## Related questions with answers

Two equal-mass stars maintain a constant distance apart of $8.0 \times 10^{11} \mathrm{~m}$ and revolve about a point midway between them at a rate of one revolution every $12.6 \mathrm{yr}$. $(a)$ Why don't the two stars crash into one another due to the gravitational force between them? $(b)$ What must be the mass of each star?

Solution

Verified(a) The stars are in free fall one towards another but they have high enough tangential velocity that they orbit around eachother. The force of attraction between them (gravitational force one star exerts on the other one) is enough to change the direction of their velocity towards the center of their orbit i.e. it plays the role of the centripetal force.

(b) From the time of revolution

$T=12.6\text{ yr.}=3.97\cdot10^{8}\text{ s},$

we can find the speed of revolution as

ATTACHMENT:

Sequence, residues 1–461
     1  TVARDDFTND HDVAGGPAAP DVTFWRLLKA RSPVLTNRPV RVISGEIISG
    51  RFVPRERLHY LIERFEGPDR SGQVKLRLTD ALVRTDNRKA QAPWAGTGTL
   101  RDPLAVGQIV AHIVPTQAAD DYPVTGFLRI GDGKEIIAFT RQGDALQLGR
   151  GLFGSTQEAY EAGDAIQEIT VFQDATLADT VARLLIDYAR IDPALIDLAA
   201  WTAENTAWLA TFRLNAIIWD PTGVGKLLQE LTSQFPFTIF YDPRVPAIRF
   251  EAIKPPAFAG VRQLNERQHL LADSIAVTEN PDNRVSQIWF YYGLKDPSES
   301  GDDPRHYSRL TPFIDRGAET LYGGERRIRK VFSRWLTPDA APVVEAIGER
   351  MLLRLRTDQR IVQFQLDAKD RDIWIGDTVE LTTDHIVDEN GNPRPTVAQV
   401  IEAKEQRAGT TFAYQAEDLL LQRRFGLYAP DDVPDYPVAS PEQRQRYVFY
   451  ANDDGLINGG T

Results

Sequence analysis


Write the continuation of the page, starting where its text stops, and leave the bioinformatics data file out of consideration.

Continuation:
$v=\frac{\pi d}{T},$

where the diameter of their orbit $d$ is equal to the distance between them. According to the universal law of gravity given in eq. (5-4) in the book, the magnitude of the force each star exerts on the other one is

$F=G\frac{m^2}{d^2}.$

This force play the role of the centripetal force so it must be

$G\frac{m^2}{d^2}=\frac{mv^2}{r}=m\frac{2v^2}{d}=m\frac{2\pi^2d}{T^2}.$

Solving for $m$ we find that the mass of each star is

$\boxed{m=\frac{2\pi^2d^3}{GT^2}=9.6\cdot10^{29}\text{ kg}.}$

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